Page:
Dutch Justice Minister Says Secrecy Around Anti-Muslim Film Making Backlash Preparations Difficult

Haziness surrounding a Dutch lawmaker's plans to release a film criticizing the Koran this month is hindering government efforts to prepare for any backlash, the justice minister said Wednesday.

The legislator, Geert Wilders, has refused to disclose the precise content of the film or when and how he plans to release it, making it difficult to draw up security plans, said the minister, Ernst Hirsch Ballin.

Dutch officials fear Wilders' 15-minute film could spark violent protests in Muslim countries similar to those two years ago after the publication of cartoons of the prophet Muhammad in a Danish newspaper.

"It would make our work less difficult" if Wilders would at least make it clear when the film will be released, Hirsch Ballin said.

Wilders has said the film, "Fitna," will lay out why he believes the Koran is incompatible with Western civilization, and that he will release it sometime this month.

"After Dutch TV stations indicated they aren't willing to broadcast Fitna in its entirety, I'm going to do everything I can to put it on the Internet before the end of this month," he wrote on his web site March 14.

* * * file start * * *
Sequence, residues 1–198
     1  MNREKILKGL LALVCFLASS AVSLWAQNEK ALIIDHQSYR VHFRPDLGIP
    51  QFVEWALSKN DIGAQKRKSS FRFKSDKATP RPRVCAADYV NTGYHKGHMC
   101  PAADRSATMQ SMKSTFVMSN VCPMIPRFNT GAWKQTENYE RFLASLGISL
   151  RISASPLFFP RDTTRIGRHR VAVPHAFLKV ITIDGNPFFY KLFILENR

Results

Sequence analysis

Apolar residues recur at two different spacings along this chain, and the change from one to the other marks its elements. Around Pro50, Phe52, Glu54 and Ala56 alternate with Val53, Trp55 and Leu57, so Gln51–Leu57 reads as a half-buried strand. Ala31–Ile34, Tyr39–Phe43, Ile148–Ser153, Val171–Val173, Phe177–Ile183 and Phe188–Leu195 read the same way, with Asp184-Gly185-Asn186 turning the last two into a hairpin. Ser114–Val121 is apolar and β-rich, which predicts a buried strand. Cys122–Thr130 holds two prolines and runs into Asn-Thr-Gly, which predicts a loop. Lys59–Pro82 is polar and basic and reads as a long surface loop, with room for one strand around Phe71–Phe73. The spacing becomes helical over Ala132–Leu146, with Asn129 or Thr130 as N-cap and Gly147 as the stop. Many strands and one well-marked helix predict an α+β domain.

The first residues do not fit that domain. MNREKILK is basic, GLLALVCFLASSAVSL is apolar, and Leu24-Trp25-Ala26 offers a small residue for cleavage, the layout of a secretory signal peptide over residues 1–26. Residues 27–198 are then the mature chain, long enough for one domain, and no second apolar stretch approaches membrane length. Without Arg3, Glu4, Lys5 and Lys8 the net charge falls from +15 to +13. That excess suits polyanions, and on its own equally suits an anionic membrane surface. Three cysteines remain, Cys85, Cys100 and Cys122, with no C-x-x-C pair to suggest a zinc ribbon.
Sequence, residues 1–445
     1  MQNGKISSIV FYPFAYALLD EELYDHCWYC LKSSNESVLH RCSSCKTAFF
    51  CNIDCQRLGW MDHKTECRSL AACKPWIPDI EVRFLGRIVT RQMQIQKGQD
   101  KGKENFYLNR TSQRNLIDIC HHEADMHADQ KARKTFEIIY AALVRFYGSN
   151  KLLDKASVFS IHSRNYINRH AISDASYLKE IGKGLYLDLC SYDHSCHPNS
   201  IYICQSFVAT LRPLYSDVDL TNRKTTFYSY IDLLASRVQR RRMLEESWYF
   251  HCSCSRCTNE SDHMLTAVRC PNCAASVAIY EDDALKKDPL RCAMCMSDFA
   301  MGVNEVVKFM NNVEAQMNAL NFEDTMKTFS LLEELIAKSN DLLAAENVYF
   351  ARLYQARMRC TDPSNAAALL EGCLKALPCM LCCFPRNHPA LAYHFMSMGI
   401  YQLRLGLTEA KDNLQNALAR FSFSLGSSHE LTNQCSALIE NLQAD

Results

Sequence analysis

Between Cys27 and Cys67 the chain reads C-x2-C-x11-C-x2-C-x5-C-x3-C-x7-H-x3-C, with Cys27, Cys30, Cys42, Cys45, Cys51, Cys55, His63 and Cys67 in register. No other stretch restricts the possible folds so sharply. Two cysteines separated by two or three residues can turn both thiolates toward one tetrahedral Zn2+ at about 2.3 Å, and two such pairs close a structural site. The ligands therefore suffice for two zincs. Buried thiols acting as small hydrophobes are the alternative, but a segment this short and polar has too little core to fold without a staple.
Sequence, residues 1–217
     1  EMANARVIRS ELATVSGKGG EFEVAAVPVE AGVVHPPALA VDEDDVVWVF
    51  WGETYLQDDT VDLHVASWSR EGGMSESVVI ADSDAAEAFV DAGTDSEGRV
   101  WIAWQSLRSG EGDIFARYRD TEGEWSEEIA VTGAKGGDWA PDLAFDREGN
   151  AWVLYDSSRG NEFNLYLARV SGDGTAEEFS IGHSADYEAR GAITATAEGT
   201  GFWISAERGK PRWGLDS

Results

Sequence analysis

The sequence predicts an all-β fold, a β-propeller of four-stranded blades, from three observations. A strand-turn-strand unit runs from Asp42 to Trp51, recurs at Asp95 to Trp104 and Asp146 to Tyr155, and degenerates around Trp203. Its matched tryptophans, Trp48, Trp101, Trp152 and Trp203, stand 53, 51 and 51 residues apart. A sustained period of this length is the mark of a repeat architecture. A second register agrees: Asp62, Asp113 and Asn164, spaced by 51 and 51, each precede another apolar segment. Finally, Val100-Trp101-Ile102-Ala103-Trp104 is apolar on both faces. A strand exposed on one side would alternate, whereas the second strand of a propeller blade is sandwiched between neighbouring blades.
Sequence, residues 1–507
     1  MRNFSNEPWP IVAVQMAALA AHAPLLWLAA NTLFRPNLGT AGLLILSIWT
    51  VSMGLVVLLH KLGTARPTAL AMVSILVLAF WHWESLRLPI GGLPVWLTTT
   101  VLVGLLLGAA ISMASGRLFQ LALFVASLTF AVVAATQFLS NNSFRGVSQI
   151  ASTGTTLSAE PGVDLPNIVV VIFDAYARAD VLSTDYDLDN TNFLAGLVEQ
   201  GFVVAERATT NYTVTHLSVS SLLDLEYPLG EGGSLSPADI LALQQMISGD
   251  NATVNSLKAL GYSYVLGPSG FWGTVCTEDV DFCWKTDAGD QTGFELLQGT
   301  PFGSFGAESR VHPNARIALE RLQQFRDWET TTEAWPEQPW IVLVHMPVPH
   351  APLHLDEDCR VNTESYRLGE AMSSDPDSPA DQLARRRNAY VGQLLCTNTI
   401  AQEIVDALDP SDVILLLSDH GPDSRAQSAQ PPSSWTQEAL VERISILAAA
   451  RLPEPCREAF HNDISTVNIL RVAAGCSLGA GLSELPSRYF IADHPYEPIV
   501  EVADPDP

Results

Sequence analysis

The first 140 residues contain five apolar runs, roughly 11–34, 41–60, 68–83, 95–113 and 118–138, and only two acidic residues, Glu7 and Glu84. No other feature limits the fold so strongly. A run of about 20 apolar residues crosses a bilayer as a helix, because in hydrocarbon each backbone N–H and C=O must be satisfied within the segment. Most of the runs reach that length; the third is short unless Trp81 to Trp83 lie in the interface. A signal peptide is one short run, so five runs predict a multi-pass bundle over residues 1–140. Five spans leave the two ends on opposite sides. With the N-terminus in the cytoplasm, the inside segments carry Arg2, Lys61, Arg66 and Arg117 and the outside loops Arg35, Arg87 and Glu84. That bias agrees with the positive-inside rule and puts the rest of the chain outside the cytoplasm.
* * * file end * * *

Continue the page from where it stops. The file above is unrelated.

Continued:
Wilders, who is under police protection due to threats against his life, declined to return messages. He heads a reactionary party with nine seats in the 150-member Dutch parliament.

The party's platform is built on opposing immigration from Muslim countries and countering the influence of Islam in Dutch society.

It is not clear how Wilders will release his film with no television stations willing to air it. Initial plans for a press screening were canceled due to high security costs.

He has reserved a web site for the film, but has not said whether he might attempt to allow people to download it there.

It was not clear whether YouTube or other video sharing sites would be willing to host the film, since its contents remain unknown.

Last month, YouTube was inaccessible globally for several hours after the government of Pakistan blocked it, citing what it said were offensive clips in which Wilders made denigrating remarks about Islam.